Commercial devices with the P20 are reported to start shipping in the second half of 2016.

 

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  • jjj - Tuesday, February 23, 2016 - link

    Now the only one left to report in is the Spreadtrum that seems to have forced the others to do this.
    Will be odd to see mid range with 6GB LPDDR4x in the same year as flagships with 4GB LPDDR4.
    If you talk again with Mediatek, maybe ask them if they don't see a hole in their roadmap between P20 and X20, SD65x and all...
    Reply
  • hojnikb - Tuesday, February 23, 2016 - link

    someone should make a x2 A35+ x2 A72 SoC. A35 cores for light tasks and A72 for demading tasks.

    8 semi crappy cores just make no sense. Well great for marketing.
    Reply
  • nikaldro - Wednesday, February 24, 2016 - link

    Despite what many know-it-alls say, 8 cores aren't useless. Reply
  • bug77 - Wednesday, February 24, 2016 - link

    The how do iPhones score towards the top of many multi-core benchmarks while having 2-3 cores?

    (I'm no Apple fan, but the engineer in me cannot ignore this "oddity")
    Reply
  • nikaldro - Thursday, February 25, 2016 - link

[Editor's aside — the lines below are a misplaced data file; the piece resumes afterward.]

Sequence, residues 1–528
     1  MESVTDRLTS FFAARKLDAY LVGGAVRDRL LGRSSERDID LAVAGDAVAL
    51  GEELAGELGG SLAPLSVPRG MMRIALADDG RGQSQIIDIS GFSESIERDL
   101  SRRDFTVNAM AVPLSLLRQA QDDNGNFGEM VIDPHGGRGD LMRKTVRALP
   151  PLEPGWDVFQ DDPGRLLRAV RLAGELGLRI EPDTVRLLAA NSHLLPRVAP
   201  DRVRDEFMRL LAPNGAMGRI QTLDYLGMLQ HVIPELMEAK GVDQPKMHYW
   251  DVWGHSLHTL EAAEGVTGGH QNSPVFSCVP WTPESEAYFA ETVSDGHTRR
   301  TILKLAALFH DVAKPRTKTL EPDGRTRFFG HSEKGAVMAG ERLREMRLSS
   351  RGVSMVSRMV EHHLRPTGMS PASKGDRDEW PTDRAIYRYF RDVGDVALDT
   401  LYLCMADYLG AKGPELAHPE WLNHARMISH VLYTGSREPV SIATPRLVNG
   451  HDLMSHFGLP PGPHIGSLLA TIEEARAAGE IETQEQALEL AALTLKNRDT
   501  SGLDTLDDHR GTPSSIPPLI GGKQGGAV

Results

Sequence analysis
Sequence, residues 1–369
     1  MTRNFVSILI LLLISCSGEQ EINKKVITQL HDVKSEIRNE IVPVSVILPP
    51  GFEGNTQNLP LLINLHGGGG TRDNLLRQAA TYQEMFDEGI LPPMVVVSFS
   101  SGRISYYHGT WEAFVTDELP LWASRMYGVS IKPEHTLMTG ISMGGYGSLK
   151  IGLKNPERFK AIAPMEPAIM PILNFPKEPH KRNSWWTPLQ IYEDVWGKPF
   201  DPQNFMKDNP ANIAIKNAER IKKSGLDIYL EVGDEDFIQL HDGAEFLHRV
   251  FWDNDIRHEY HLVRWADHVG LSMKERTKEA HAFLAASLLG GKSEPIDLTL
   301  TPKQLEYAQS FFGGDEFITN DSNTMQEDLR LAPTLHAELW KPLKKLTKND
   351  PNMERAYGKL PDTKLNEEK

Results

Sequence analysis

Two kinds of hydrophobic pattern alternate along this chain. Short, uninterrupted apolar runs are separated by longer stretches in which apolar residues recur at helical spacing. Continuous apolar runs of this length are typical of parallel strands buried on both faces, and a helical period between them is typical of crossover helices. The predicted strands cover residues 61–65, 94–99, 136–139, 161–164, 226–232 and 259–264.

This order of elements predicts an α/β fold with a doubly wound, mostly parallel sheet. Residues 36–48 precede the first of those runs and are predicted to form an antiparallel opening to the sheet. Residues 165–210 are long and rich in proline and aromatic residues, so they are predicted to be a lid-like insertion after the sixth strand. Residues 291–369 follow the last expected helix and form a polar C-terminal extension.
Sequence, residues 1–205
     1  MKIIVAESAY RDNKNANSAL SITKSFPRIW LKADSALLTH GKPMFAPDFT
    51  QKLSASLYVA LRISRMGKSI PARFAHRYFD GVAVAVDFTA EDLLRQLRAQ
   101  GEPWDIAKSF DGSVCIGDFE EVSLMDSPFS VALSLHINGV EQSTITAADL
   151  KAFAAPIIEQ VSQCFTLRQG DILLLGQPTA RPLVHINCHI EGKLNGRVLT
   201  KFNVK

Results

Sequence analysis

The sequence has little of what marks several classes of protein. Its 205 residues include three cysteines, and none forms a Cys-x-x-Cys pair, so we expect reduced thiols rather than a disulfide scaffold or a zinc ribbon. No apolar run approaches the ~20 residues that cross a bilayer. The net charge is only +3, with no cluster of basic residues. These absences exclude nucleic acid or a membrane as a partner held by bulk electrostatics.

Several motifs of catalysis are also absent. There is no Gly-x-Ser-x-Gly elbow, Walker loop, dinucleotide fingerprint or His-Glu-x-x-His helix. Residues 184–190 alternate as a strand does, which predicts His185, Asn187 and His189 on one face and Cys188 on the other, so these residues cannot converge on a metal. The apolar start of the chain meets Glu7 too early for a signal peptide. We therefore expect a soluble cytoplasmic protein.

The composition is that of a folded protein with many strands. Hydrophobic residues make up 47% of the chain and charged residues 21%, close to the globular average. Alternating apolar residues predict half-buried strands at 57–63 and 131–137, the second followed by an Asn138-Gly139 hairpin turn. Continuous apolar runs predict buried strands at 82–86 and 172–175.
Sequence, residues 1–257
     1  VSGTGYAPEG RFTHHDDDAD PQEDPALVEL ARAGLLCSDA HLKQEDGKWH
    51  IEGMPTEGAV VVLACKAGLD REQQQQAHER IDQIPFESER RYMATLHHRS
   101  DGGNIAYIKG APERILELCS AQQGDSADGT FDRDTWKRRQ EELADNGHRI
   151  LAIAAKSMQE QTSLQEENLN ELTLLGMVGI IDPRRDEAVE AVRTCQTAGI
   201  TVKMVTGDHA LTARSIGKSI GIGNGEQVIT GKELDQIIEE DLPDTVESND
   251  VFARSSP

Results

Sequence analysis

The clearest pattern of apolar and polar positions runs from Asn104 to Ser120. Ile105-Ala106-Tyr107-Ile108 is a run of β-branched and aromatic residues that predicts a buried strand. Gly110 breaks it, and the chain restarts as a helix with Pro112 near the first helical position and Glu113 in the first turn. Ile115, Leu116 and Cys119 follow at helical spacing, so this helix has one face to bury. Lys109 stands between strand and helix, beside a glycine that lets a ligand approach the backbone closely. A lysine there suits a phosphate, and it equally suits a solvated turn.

Different OS, different HW.
    iOS apps are obviously made to use only 2 cores, since iphones only have 2 cores.
    In turn, since Apple SoCs only have 2 cores, they can afford to make those 2 cores big and fast.
    The end result is that iphones are fast. Very fast.
    Reply
  • testbug00 - Thursday, February 25, 2016 - link

    Apple is in a position where they aren't competing on price so they have no need to have as many cores as the competition (8 core phenomenon is mostly because you need 8 cores to be seen as competitive in many places) AND they can afford to spend a lot of die area on making big cores and GPUs.

    Apple's cores are VERY powerful per Mhz. They are pretty close to Intel's big cores.
    Reply
  • theqnology - Monday, February 29, 2016 - link

    Do you mean in size? :) Apple cores are also huge. Reply
  • theqnology - Monday, February 29, 2016 - link

    People keep forgetting that Apple cores are huge. The reason they can have such power with that level of efficiency. They can put as much optimized logic as they want in the chip, because they also control the OS, thus they don't need to hit higher "sub-optimal voltage-wise" clock rates to get the performance. Reply
  • rednafi - Friday, March 25, 2016 - link

    They aren't on the top of any multicore score bench.But they are on the top of many single core bench.Apple's a9 houses their own cpu architecture that has higher IPC than its ARM equivalent.Besides apple has higher optimization for their software since they only have to make software for their specific hardware.The benchmark apps are also optimized for running on ios.Thats why iphones has higher single core scores.But since A9 has only two cores, snapdragon 820,exynos 7420 or 8880 blows it away in multicore scores Reply
  • sseemaku - Wednesday, February 24, 2016 - link

    You mean not all 8 are useless? Or did you mean it can be used for scientific applications development! Reply